It's the states vs. their cities.
The issue: Illegal immigration.
A growing number of proposed state laws designed to crack down on sanctuary cities are putting local leaders in those municipalities on the defensive, forcing many to fight off measures they say could cripple their crime-fighting abilities and threaten economic growth.
At least 31 states are considering legislation this year that would ban sanctuary policies, according to the National Conference of State Legislatures. Many of those bills face fervent opposition from mayors and other officials of progressive cities.
The battle unfolding between state and city lawmakers is largely the result of a broader national question that President Donald Trump has made front and center: How should the government deal with legal and illegal immigration?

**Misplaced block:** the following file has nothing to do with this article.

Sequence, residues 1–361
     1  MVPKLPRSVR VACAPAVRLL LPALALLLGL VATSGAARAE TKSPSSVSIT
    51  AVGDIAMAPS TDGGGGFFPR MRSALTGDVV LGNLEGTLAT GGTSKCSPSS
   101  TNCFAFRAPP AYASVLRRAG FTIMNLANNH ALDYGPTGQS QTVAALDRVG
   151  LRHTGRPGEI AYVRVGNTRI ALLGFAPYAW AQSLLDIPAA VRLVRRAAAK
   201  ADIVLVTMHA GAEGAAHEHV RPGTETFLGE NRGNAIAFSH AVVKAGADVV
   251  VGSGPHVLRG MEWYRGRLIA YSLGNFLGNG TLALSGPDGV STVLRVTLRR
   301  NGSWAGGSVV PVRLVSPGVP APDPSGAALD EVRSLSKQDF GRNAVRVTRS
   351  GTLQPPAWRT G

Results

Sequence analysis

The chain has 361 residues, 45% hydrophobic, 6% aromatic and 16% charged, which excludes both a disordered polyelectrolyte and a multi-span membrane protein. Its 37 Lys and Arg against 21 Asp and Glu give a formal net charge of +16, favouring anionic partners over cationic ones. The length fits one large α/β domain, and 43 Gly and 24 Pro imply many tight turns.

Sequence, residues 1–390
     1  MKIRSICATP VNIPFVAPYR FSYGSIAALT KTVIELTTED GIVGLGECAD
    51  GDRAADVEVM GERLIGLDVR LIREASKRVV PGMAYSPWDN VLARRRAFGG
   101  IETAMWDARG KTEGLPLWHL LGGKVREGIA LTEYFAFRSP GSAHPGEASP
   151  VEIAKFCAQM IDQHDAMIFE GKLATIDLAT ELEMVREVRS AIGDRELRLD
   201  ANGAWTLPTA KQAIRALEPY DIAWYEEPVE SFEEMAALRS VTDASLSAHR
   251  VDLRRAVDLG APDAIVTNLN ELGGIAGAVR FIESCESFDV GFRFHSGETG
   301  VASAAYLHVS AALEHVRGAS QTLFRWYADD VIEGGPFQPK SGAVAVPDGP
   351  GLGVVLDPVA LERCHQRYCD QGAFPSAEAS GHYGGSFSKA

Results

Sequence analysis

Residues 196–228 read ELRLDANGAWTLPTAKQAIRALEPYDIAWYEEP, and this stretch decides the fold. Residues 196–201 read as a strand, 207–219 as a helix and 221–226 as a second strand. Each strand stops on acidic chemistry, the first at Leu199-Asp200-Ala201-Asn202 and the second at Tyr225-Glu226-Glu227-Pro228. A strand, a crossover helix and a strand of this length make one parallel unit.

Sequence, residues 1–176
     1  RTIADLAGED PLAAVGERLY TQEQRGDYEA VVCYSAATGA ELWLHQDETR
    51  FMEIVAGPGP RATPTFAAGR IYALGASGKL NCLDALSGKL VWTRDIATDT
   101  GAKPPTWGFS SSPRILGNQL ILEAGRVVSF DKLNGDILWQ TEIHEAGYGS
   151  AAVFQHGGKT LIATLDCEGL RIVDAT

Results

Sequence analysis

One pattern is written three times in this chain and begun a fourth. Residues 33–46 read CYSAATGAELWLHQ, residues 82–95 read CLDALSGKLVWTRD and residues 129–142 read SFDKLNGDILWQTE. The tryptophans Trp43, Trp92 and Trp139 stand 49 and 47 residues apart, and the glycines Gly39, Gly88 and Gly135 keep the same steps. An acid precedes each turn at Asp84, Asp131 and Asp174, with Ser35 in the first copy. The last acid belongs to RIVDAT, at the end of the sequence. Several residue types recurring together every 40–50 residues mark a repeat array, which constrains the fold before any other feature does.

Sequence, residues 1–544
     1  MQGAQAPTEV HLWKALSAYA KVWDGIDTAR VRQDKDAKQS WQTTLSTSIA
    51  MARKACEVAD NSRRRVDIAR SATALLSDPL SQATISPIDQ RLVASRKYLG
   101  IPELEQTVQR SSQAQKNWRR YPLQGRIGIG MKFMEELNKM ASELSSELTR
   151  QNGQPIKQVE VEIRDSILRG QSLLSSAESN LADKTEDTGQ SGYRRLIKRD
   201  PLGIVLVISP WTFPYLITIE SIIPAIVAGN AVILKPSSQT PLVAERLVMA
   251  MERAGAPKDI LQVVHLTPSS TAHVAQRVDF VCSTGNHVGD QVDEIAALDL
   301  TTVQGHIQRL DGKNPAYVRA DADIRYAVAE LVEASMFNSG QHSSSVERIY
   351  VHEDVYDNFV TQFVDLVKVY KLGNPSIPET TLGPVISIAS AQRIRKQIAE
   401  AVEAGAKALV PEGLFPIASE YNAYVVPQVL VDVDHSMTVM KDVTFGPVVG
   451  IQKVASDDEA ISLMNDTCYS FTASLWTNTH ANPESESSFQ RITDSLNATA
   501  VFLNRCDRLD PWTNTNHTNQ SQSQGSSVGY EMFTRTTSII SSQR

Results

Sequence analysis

"Our current immigration laws are outdated and dysfunctional" and that has resulted in states and cities trying to address immigration issues in competing ways, said Avideh Moussavian, a senior policy attorney at the National Immigration Law Center.
"Localities know these populations benefit them economically and want to protect them," she said, adding that "many states tend to think there is some clean and orderly fix, like a 'ban,' which is ridiculous."